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Anyone who's strolled through an older Calgary neighbourhood lately will not be surprised by the latest data on household debt.

Modest bungalows built prior to the 1970s are being knocked down at a frantic pace to be replaced by much larger infill houses. The land keeps getting pricier, as do the upscale, largely flat-roofed buildings that replace the old ones.

New numbers in a Bank of Montreal survey show that Albertans are financing these projects, along with purchases of condos, existing family homes, cars and other shiny items, with gobs of debt. In fact, Alberta households are $50,000 more indebted than the national average.

It shows that memories in the land of oil and gas wealth are staggeringly short, and that many people could be one commodity-price downturn away from big financial troubles. Alberta's economy remains closely tied to cyclical energy markets and high debt would make any commodity-fueled economic slide worse.

The numbers are revealing. Alberta households carry an average of $124,838 in debt, including mortgages, up more than $35,000 in just one year. That's the highest in the country; the national average is $76,140.

In British Columbia, where house price gains have been among the highest in the country, the average debt burden climbed more than $20,000 in the past year to $99,834.

Ontario households, by contrast, are chipping away amid the province's murky economy outlook, with the average borrowing falling to $67,507 from $76,970 last year. And while house prices have also been rising in Toronto, the city's large and growing condo market has not seen nearly the same degree of price appreciation and some other parts of Ontario, such as Ottawa, have had more lacklustre housing markets.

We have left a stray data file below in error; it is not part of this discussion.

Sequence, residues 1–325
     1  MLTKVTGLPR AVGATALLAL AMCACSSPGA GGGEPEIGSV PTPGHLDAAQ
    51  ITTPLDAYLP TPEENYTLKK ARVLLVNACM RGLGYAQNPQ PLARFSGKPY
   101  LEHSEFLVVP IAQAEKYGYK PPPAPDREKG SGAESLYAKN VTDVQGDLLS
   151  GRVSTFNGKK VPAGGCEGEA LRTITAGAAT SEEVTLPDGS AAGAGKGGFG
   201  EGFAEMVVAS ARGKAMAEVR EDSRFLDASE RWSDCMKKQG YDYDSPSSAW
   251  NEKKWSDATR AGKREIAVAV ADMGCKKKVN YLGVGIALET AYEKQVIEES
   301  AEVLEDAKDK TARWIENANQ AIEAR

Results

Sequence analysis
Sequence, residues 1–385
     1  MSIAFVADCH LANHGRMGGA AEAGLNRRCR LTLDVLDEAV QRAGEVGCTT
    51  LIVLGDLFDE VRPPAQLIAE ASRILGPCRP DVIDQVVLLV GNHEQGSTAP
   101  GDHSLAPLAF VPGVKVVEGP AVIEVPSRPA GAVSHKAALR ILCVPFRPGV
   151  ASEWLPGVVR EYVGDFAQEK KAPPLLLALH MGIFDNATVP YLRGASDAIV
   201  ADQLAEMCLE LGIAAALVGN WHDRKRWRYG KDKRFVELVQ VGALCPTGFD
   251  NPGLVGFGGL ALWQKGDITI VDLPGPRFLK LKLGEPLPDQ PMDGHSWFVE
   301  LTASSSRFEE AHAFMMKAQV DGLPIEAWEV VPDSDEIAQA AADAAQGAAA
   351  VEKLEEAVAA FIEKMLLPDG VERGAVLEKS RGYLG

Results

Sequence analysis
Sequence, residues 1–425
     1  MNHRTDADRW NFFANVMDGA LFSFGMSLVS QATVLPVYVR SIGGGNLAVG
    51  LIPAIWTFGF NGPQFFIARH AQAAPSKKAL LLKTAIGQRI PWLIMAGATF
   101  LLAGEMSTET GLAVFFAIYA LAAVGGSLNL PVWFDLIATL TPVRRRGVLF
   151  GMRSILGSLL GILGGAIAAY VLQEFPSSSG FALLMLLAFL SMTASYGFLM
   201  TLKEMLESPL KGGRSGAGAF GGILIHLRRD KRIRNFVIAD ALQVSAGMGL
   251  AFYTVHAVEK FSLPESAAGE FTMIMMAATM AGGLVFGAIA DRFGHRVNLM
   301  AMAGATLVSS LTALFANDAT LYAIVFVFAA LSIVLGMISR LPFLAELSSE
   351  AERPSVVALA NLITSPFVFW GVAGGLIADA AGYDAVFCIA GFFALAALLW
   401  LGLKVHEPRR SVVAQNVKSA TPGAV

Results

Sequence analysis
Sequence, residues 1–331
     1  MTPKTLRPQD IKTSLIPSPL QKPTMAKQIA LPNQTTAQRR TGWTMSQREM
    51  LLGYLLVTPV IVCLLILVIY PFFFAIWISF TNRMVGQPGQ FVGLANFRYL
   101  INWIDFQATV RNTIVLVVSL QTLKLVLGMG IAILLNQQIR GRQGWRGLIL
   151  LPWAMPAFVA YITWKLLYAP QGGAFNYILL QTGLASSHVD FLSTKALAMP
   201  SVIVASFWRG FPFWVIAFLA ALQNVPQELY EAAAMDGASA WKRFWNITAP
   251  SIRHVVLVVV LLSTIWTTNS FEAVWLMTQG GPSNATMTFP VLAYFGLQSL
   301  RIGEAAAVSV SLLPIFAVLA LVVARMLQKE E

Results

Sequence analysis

Of course, the Alberta economy has strengthened in the past year, outpacing the rest of the country, as the deep discount that hit heavy crude oil prices narrowed and natural gas markets staged a recovery. It also benefited from the lower Canadian dollar.

Average house prices in Alberta are still well below those in Vancouver and Toronto. Still, in Calgary single-family home prices jumped 10.8 per cent in the past year, according to the Calgary Real Estate Board. Edmonton prices are also up, albeit to a lesser degree.

It's beginning to look like the last boom.

"There are some remarkable similarities to the 2006-2007 episode, when Alberta, and Calgary in particular, had the strongest housing market in the country," said Sal Guatieri, senior economist at BMO Capital Markets. "Now, it's backed by pretty strong fundamentals, like good economic growth. It's the same with job growth and a low unemployment rate. As a result we're seeing a flood of people from other provinces and other countries moving to Alberta, and they need a place to live."

But how long will the good times last, and what will high personal debt levels mean when they end?

After strong gains in the winter, natural gas prices have weakened considerably over the past two months. That's been reflected in the stock prices of energy companies, whose employees are among Albertans taking on more debt.

"That's certainly a risk," Mr. Guatieri said. "We know from the U.S. credit problems that the more debt you build up the more vulnerable your households are to economic shocks. If oil price plummet, Alberta's economy will weaken, the housing market will adjust downward and correct. Households will be stuck with a lot of debt still to pay back."

Commodity prices are not tumbling like they did when the credit crisis began to take hold in the fall of 2008. But it shows that there are no guarantees.

At the national level the pace of household debt accumulation is the slowest it's been since 1995 and the slowest it has been in any non-recessionary period over the last 40 years, according to CIBC. That's been welcome news for officials in Ottawa who have been concerned about consumer debt levels.

Still, economists at CIBC pointed out in a research note that Canada's economic growth isn't going exactly as policy-makers had planned. "For the last couple of years, the narrative was that an exhausted and heavily indebted consumer would take a break, and a cash-rich corporate Canada would boost capital spending and take the reins of the Canadian economy," they wrote. But consumers have continued to carry the economy.